Leader: Come to build, not to cash in

India aims to complete its global rise by inviting foreigners to help revamp higher education, but get-rich-quick artists need not apply

July 9, 2009

So great is the sense of untapped potential in India today that Barack Obama's US Administration has identified the nation as "one of the few key countries in the world that will help shape the 21st century".

Not only is India, which has weathered the economic storm better than almost anyone else, on track to continue its enviable recent growth; it also has a new government with a resounding mandate built on a distinctly youthful sense of optimism and opportunity.

In Imagining India: The Idea of a Renewed Nation, Nandan Nilekani says: "The new India is united by a respect for achievement; yearning for a better life; and an unprecedented belief that such a life is possible regardless of caste or social and economic status."

Nilekani estimates that by 2035, India's working-age population will have grown by 0 million, and to compete in a knowledge economy, many of these people will need a higher education. Making that possible is the responsibility of Kapil Sibal, India's Minister for Higher Education, who has set to the task with vigour. His bold plan for his first 100 days in office includes a massive higher education expansion drive and help for students from poor backgrounds and minority communities.

But three moves in particular have made the world sit up: he will sweep away the tangle of regulatory bodies that have helped to separate universities from research and stymied innovation; he will legislate to entice foreign education providers to set up shop; and he has promised a "brain-gain" policy "to attract talent from across the world to the existing and new institutions" of India.

It is not far-fetched to imagine that India could soon be poaching top talent from the US and the UK. Just last week there was talk of a "redistribution of brains" at the conference of the Organisation for Economic Co-operation and Development at Copenhagen Business School, as traditional superpowers (the UK and the US in particular) suffer disproportionately in the downturn and new powers emerge.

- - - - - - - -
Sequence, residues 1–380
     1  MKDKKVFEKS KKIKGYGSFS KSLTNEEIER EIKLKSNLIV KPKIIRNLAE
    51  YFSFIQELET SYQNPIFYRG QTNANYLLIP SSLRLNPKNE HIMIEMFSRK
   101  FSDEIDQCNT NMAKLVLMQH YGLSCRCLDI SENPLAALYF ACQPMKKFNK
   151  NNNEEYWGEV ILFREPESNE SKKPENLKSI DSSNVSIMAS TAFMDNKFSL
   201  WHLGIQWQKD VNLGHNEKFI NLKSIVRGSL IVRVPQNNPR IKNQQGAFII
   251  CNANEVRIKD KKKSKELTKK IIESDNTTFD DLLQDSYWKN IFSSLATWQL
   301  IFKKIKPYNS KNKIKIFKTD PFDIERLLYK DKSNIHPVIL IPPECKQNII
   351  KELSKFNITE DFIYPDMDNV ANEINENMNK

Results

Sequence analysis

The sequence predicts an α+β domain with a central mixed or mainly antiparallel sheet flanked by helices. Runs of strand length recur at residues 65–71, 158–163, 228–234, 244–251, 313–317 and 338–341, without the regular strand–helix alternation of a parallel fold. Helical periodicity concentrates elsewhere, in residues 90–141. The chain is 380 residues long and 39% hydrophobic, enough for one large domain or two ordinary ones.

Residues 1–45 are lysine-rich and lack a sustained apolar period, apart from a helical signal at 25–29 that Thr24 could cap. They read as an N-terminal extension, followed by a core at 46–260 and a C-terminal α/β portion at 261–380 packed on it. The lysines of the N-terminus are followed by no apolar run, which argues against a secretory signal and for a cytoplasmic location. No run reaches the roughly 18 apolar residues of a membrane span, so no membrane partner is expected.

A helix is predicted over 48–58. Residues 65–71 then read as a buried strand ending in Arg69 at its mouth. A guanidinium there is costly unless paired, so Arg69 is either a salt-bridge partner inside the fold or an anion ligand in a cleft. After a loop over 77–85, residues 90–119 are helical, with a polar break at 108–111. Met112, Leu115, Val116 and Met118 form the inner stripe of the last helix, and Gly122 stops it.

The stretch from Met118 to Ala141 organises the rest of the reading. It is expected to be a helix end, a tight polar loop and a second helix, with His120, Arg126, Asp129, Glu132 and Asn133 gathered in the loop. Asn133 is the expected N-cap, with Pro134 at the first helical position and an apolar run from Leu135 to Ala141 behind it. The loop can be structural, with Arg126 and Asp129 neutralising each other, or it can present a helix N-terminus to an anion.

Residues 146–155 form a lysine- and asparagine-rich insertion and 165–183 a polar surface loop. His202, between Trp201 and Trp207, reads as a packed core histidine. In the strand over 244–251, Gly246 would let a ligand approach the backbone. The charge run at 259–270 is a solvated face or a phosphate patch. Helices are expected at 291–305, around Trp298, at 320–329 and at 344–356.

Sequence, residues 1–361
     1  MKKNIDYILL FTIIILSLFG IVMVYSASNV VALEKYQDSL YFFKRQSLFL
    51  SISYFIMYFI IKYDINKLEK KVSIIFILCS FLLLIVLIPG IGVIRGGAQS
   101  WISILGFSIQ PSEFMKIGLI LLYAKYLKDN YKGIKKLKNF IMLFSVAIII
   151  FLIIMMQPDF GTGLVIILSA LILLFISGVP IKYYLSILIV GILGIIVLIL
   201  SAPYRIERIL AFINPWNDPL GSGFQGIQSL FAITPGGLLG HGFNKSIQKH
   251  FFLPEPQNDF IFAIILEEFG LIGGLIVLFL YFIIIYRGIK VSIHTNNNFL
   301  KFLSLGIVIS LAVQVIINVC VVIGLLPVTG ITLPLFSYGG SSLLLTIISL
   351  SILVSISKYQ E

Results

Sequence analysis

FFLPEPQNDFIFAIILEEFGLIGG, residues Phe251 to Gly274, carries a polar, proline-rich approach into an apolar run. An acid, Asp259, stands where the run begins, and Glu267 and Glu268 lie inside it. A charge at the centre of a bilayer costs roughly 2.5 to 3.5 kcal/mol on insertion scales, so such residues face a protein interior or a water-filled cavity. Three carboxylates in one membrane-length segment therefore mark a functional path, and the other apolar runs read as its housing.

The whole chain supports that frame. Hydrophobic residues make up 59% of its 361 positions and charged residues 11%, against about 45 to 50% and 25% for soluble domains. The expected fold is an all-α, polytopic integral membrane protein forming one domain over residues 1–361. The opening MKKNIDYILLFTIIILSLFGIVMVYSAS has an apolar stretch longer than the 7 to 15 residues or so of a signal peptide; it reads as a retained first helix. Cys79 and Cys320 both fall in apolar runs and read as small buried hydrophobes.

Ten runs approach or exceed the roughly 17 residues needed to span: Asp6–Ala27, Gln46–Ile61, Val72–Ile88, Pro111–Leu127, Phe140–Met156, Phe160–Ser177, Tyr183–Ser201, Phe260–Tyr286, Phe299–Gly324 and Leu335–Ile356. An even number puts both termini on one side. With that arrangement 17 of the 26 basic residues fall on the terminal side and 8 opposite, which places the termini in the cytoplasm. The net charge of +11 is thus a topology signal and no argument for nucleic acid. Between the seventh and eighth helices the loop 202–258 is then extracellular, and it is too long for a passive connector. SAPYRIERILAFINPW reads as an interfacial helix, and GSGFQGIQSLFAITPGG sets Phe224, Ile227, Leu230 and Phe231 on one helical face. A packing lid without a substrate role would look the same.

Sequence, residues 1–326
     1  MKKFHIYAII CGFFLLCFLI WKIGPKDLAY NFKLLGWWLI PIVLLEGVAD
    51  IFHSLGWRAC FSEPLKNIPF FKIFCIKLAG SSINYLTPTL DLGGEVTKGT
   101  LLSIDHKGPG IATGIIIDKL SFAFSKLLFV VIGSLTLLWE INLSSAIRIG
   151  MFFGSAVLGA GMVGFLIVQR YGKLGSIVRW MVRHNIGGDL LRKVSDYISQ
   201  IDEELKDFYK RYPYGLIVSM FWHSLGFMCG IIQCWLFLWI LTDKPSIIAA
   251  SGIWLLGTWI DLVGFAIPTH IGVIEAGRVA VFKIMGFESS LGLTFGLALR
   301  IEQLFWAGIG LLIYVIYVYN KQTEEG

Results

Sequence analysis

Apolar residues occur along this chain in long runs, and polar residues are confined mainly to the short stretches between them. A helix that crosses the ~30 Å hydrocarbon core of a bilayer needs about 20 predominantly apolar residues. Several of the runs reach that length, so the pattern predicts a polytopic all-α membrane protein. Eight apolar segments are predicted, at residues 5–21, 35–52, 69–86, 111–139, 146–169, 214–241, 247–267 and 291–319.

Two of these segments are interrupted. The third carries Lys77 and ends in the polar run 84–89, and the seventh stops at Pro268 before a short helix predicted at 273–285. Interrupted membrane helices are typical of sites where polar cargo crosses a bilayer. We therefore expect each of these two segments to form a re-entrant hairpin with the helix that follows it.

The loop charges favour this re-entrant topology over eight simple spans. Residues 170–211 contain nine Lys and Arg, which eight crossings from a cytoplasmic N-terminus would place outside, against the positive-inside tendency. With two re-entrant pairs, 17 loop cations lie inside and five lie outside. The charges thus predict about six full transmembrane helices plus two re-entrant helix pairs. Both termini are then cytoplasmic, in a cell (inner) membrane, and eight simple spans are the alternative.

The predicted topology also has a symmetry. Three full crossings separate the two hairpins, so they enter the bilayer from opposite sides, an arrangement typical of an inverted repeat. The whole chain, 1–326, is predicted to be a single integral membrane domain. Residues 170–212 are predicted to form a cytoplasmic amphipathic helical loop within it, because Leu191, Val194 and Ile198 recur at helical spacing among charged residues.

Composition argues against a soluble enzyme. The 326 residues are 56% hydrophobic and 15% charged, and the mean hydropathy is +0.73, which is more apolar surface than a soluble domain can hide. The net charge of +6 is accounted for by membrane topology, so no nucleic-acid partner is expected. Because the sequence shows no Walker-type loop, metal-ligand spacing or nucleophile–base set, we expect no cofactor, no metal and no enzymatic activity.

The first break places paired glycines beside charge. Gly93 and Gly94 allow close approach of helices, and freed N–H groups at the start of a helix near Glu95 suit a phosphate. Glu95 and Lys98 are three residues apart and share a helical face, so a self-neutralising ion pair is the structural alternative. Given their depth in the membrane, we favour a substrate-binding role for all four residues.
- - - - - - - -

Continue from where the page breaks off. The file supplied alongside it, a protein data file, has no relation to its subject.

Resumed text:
But if they get their approaches right, the US, the UK and others could share in the extraordinary opportunities presented by India.

The UK is especially well positioned. Its already rich history with India has for the past three years been intensely cultivated by the UK-India Education and Research Initiative.

And many of the Anglo-Indian partnerships that were formed under the soon-to-be-revamped rules have been cited as shining examples of collaboration in a series of reports from the Quality Assurance Agency (QAA).

But the QAA's documents also contain a warning for those in the UK or elsewhere who might assume that India presents an easy financial bonanza. The agency reluctantly concluded that it lacked confidence in one UK institution's "management of quality and standards" at its partnership because it had "underestimated the resources that would be required" to make the deal work.

Elsewhere in its India reports, the QAA stresses that the importance of dialogue and understanding between partners "cannot be exaggerated". Any hint that the new legions of overseas providers are heading to India to get rich quick will be disastrous.

Mr Sibal has said he expects to see overseas universities "sprinting" to join India's higher education revolution. But it is essential for all that no one tries to run before they can walk.

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